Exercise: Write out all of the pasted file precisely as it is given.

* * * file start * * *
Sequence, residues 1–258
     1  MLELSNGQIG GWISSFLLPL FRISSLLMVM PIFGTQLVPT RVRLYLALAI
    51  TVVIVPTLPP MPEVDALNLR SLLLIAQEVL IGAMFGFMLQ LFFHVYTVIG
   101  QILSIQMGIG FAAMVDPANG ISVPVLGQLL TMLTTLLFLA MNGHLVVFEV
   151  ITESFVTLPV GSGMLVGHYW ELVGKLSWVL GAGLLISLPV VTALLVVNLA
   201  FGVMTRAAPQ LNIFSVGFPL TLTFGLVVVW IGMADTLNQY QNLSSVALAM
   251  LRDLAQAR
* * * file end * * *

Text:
Sequence, residues 1–258
     1  MLELSNGQIG GWISSFLLPL FRISSLLMVM PIFGTQLVPT RVRLYLALAI
    51  TVVIVPTLPP MPEVDALNLR SLLLIAQEVL IGAMFGFMLQ LFFHVYTVIG
   101  QILSIQMGIG FAAMVDPANG ISVPVLGQLL TMLTTLLFLA MNGHLVVFEV
   151  ITESFVTLPV GSGMLVGHYW ELVGKLSWVL GAGLLISLPV VTALLVVNLA
   201  FGVMTRAAPQ LNIFSVGFPL TLTFGLVVVW IGMADTLNQY QNLSSVALAM
   251  LRDLAQAR